The Beatles Return: Paul McCartney Using AI To Revive John Lennon’s Voice

Videos by OutKick

Paul McCartney and John Lennon will be reuniting on an upcoming track. Or at least, some version of Lennon.

The former Beatles bassist and Wings founder tells the BBC that artificial intelligence was able to “extract” and enhance old Lennon vocals to audio levels strong enough that they can now be mixed like it’s the ’60s all over again!

“So when we came to make what would be the last Beatles record, it was a demo that John had that we worked on, and we just finished it up. It will be released this year,” McCartney explained. “We were able to take John’s voice and get it pure through this AI, so that then we could mix the record as you would normally do. It gives you some sort of leeway,” he continued.

The track is expected to be 1978’s “Now And Then,” which McCartney has previously noted he desired to finish. Lennon was murdered in 1980 and the duo never completed it.

John Lennon’s voice is going to be rebirthed using artificial intelligence and AI for an upcoming song. (Photo by Rowland Scherman/Getty Images)


McCartney broke the AI song news after being asked about the emerging significance of the technology throughout the music world and beyond.

“It’s a very interesting thing, you know. It’s something we’re all sort of tackling at the moment and trying to deal with.” he told BBC’s Today. “There’s a good side to it [AI] and then a scary side, and we’ll just have to see where that leads.”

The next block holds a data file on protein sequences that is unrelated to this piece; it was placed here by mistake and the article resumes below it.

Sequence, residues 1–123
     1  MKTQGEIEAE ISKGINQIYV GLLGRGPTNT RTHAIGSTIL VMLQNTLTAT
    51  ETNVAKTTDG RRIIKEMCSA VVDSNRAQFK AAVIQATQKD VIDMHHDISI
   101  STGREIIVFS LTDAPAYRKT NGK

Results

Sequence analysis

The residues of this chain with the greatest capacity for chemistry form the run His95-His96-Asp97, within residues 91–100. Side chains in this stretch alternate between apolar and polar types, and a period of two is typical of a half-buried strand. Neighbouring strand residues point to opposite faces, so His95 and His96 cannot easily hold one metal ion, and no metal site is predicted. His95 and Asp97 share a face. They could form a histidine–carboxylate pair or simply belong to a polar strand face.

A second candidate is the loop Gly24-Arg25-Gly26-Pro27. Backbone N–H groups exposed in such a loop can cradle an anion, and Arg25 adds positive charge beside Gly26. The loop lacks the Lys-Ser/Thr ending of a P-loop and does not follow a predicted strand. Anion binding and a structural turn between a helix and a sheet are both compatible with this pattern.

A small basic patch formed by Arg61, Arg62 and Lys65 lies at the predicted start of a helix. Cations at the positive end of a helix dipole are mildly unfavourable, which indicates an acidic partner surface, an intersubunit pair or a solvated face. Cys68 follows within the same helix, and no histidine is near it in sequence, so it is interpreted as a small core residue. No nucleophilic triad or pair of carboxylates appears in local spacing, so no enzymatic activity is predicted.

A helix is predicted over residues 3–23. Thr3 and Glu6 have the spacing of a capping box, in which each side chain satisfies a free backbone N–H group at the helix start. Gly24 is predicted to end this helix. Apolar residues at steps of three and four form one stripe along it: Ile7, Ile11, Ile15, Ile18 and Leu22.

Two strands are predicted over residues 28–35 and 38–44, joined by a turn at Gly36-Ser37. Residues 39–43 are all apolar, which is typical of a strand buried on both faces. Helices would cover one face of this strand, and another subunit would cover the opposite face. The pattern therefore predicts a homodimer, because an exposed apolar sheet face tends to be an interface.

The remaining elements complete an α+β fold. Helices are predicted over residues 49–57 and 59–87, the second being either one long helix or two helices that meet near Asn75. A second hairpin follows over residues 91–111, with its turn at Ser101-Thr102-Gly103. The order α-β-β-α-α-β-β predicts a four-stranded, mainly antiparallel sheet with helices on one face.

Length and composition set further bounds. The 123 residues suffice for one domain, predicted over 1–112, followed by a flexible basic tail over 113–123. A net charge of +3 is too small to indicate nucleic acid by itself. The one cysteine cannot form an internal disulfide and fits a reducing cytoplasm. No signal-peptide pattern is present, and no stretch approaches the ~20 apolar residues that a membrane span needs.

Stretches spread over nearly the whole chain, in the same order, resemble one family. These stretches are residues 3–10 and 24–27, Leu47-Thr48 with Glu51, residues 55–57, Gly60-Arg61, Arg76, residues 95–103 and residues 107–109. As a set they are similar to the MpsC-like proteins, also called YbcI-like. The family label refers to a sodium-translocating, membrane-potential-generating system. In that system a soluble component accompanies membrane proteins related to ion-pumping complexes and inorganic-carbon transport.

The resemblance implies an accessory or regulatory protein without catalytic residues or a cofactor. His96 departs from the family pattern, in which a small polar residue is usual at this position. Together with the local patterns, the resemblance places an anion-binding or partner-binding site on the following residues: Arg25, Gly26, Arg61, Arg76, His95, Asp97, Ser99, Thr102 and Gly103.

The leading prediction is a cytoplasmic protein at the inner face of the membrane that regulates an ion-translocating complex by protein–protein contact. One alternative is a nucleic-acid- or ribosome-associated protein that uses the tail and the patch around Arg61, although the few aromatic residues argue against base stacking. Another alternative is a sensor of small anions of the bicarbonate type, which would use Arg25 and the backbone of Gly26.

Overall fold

McCartney took a much calmer stance than other musicians like Ice Cube, who have called AI “demonic,” as well as the Record Academy and the RIAA, who have launched the Human Artistry Campaign in an attempt to stop platforms from promoting and using AI-generated songs.

Earlier this year, a song ended up on the Internet that sounded like an unreleased track from The Weeknd with Drake. It quickly went viral. Then, both artists to confirmed it wasn’t actually them, but rather, someone used AI to replicate their voices without their knowledge. The person who created the song has never been identified.

It’s not just McCartney and the music industry that finds themselves in these unsure AI times. One thing is for certain though, AI isn’t going anywhere, and humans need to figure out guidelines for its use before things get out of control.

Written by Mike Gunzelman

Mike “Gunz” Gunzelman has been involved in the sports and media industry for over a decade. He’s also a risk taker - the first time he ever had sushi was from a Duane Reade in Penn Station in NYC.

Leave a Reply